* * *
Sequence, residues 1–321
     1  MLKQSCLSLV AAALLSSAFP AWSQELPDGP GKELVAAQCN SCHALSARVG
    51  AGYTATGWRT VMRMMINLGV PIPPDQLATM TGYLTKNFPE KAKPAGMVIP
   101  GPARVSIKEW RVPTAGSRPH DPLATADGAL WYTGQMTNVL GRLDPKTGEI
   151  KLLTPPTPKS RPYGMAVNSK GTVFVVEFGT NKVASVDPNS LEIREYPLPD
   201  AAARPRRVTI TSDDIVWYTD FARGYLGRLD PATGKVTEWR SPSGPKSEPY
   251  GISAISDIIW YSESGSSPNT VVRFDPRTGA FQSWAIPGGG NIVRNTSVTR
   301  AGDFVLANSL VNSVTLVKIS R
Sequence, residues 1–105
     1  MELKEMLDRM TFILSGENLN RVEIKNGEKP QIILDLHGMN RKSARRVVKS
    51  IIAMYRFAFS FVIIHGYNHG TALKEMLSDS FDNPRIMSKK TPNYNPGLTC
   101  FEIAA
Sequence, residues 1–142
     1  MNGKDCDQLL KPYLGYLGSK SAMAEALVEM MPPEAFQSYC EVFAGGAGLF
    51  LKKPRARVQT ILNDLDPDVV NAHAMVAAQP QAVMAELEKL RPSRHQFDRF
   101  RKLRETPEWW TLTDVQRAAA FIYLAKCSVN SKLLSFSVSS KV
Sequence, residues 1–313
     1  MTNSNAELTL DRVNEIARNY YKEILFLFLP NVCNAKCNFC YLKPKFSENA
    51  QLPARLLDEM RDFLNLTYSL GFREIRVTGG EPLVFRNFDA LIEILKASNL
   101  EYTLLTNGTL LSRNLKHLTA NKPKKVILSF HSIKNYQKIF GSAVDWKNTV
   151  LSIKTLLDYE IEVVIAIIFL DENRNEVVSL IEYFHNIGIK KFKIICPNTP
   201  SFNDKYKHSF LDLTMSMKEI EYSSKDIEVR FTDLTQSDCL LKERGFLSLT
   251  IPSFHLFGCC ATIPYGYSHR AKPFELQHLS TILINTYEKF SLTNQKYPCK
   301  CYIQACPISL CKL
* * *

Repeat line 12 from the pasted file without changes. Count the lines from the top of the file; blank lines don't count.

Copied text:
   101  FEIAA